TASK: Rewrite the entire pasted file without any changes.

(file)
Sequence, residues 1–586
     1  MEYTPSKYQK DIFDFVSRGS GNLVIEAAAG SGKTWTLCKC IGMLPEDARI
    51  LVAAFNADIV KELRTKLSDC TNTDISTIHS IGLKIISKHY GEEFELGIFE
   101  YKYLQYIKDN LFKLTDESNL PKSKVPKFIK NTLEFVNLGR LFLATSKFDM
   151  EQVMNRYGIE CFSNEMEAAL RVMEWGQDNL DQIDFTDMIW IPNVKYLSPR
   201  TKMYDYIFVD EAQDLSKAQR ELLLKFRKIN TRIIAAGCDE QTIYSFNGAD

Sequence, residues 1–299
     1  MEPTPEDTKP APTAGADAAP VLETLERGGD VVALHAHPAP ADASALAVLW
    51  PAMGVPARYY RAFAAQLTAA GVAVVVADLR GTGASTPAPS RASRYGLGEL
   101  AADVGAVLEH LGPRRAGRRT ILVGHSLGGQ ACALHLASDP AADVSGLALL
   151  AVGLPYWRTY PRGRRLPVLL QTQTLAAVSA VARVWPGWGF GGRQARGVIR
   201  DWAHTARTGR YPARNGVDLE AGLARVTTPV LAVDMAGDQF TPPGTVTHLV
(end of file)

Sequence, residues 1–586
     1  MEYTPSKYQK DIFDFVSRGS GNLVIEAAAG SGKTWTLCKC IGMLPEDARI
    51  LVAAFNADIV KELRTKLSDC TNTDISTIHS IGLKIISKHY GEEFELGIFE
   101  YKYLQYIKDN LFKLTDESNL PKSKVPKFIK NTLEFVNLGR LFLATSKFDM
   151  EQVMNRYGIE CFSNEMEAAL RVMEWGQDNL DQIDFTDMIW IPNVKYLSPR
   201  TKMYDYIFVD EAQDLSKAQR ELLLKFRKIN TRIIAAGCDE QTIYSFNGAD

Sequence, residues 1–299
     1  MEPTPEDTKP APTAGADAAP VLETLERGGD VVALHAHPAP ADASALAVLW
    51  PAMGVPARYY RAFAAQLTAA GVAVVVADLR GTGASTPAPS RASRYGLGEL
   101  AADVGAVLEH LGPRRAGRRT ILVGHSLGGQ ACALHLASDP AADVSGLALL
   151  AVGLPYWRTY PRGRRLPVLL QTQTLAAVSA VARVWPGWGF GGRQARGVIR
   201  DWAHTARTGR YPARNGVDLE AGLARVTTPV LAVDMAGDQF TPPGTVTHLV